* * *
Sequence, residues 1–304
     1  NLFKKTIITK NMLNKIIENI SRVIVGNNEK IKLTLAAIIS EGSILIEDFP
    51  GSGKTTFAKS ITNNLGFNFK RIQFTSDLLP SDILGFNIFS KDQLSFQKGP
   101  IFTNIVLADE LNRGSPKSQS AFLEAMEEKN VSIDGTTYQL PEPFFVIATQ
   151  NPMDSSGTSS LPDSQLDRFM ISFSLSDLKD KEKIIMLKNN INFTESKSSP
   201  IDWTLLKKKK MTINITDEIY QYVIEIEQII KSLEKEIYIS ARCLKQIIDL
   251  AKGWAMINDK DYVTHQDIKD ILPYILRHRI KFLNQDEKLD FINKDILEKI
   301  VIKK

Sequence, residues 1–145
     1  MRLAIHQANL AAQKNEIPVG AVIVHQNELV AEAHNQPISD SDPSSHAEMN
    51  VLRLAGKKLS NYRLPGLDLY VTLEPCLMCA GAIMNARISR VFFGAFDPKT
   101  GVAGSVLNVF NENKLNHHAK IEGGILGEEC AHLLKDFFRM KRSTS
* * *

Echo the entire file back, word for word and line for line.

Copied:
Sequence, residues 1–304
     1  NLFKKTIITK NMLNKIIENI SRVIVGNNEK IKLTLAAIIS EGSILIEDFP
    51  GSGKTTFAKS ITNNLGFNFK RIQFTSDLLP SDILGFNIFS KDQLSFQKGP
   101  IFTNIVLADE LNRGSPKSQS AFLEAMEEKN VSIDGTTYQL PEPFFVIATQ
   151  NPMDSSGTSS LPDSQLDRFM ISFSLSDLKD KEKIIMLKNN INFTESKSSP
   201  IDWTLLKKKK MTINITDEIY QYVIEIEQII KSLEKEIYIS ARCLKQIIDL
   251  AKGWAMINDK DYVTHQDIKD ILPYILRHRI KFLNQDEKLD FINKDILEKI
   301  VIKK

Sequence, residues 1–145
     1  MRLAIHQANL AAQKNEIPVG AVIVHQNELV AEAHNQPISD SDPSSHAEMN
    51  VLRLAGKKLS NYRLPGLDLY VTLEPCLMCA GAIMNARISR VFFGAFDPKT
   101  GVAGSVLNVF NENKLNHHAK IEGGILGEEC AHLLKDFFRM KRSTS